Densho: The Japanese American Legacy Project Densho. See JAH web review by Allan W. Austin. Reviewed 2005-06-01. Over 750 hours of video interviews and 10,000 historic images provide first-hand accounts of Japanese Americans unjustly incarcerated by the U.S. government during World War II. Densho uses the accounts of individuals to explore principles of democracy and to encourage tolerance and justice in situations when citizens and legal immigrants are confused with enemies. The website features “Sites of Shame,” an overview of all types of detention facilities that held Japanese Americans, and “Causes of the Incarceration,” an examination of four motivations for the forced removal. Other primary sources found on the site are newspaper accounts, government orders and historical photographs. Teacher resources include social studies lessons (grades 4–12) with multimedia materials and classroom activities. A terminology list and glossary; timeline; and web, printed, and video sources provide interested viewers with further avenues for exploring this significant historical event. Resources Available: TEXT, IMAGES, VIDEO. Website last visited on 2009-10-06.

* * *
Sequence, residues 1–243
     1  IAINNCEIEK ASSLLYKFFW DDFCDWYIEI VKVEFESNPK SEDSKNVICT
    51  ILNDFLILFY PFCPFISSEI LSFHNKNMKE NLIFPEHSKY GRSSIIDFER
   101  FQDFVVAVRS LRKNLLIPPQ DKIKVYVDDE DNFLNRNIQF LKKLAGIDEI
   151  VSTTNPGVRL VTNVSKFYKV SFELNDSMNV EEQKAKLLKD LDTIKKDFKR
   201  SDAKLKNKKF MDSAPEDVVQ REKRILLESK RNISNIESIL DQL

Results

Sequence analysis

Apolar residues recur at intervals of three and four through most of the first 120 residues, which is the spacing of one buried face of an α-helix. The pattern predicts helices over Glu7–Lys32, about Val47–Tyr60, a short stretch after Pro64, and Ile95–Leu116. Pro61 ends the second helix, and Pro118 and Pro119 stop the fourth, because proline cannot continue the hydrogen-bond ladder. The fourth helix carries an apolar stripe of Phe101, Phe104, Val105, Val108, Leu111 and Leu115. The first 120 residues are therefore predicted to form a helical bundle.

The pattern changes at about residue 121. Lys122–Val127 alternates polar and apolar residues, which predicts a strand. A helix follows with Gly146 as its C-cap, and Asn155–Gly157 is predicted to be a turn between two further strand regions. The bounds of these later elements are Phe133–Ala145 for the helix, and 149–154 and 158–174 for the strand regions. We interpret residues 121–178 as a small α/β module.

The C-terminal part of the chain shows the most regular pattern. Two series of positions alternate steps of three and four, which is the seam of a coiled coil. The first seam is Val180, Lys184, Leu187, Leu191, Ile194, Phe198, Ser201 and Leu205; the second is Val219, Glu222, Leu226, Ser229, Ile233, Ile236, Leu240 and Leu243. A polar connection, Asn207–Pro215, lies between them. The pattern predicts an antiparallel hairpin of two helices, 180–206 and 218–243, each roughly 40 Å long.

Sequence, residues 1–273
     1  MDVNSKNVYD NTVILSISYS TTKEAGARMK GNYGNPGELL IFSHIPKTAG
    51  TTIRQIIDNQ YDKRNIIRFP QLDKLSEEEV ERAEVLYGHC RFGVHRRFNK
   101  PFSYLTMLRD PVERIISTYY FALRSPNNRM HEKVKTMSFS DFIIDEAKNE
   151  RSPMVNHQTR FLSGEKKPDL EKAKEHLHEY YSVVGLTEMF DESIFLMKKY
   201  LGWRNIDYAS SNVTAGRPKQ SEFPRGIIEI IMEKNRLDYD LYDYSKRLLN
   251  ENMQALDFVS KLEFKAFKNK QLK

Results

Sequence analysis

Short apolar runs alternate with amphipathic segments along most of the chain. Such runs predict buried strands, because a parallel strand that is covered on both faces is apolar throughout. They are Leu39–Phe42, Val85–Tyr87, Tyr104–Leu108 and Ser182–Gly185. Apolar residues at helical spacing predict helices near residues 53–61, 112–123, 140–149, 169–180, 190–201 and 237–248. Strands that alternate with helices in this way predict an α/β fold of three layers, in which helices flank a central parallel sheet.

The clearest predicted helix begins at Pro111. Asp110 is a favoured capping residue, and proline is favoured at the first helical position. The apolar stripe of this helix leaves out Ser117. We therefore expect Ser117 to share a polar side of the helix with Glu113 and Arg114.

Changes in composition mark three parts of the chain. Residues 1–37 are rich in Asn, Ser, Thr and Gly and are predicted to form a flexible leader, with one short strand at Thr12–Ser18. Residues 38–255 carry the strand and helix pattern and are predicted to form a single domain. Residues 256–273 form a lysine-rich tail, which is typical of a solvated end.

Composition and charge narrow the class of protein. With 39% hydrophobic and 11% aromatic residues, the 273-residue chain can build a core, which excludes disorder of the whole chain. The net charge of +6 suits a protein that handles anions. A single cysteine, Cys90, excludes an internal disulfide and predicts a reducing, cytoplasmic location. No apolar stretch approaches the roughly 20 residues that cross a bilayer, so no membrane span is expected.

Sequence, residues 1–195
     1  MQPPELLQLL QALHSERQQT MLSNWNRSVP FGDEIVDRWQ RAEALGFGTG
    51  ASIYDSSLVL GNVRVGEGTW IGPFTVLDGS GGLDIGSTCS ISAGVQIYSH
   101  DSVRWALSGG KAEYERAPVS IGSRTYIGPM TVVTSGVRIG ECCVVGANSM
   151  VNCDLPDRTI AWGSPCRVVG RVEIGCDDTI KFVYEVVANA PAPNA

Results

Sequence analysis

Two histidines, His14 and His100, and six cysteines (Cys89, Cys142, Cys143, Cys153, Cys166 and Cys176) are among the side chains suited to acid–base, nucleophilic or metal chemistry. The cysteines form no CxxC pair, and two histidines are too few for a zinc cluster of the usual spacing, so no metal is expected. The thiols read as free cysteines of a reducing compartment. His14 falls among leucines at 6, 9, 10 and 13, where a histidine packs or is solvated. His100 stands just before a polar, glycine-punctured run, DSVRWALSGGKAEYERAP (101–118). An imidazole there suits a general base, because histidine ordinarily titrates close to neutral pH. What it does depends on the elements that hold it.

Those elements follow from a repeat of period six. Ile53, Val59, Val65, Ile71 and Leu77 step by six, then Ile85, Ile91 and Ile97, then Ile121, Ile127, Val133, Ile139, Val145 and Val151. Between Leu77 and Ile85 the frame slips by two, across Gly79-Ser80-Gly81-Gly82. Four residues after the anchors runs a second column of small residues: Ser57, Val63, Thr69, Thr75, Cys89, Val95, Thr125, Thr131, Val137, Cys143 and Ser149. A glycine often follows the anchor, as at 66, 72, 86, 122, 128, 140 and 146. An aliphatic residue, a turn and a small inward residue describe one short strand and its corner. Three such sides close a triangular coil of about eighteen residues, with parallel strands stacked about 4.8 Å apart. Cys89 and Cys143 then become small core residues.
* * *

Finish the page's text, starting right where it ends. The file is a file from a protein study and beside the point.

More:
Words and Deeds in American History: Selected Documents Celebrating the Manuscript Division’s First 100 Years American Memory, Library of Congress. This site displays approximately 90 primary documents from the 15th century to the mid 20th century. Features eight subjects: the presidency; Congress, law, and politics; military affairs; diplomacy and foreign policy; arts and literature; science, medicine, exploration, and invention; African-American history and culture; and women’s history. The collection emphasizes “prominent Americans whose lives reflect our country’s evolution,” including 23 presidents and figures such as Carter Woodson, Thurgood Marshall, pioneer physician Elizabeth Blackwell, Wilbur Wright, and Alexander Graham Bell. Each subject is accompanied by a useful 100- to 400-word background essay and a link to the document’s host collection. Also includes a 2,000-word essay entitled “Collecting, Preserving, and Researching History: A Peek into the Library of Congress Manuscript Division.” Although limited in size, this site provides an eclectic group of documents of national interest. Resources Available: TEXT, IMAGES. Website last visited on 2008-10-06.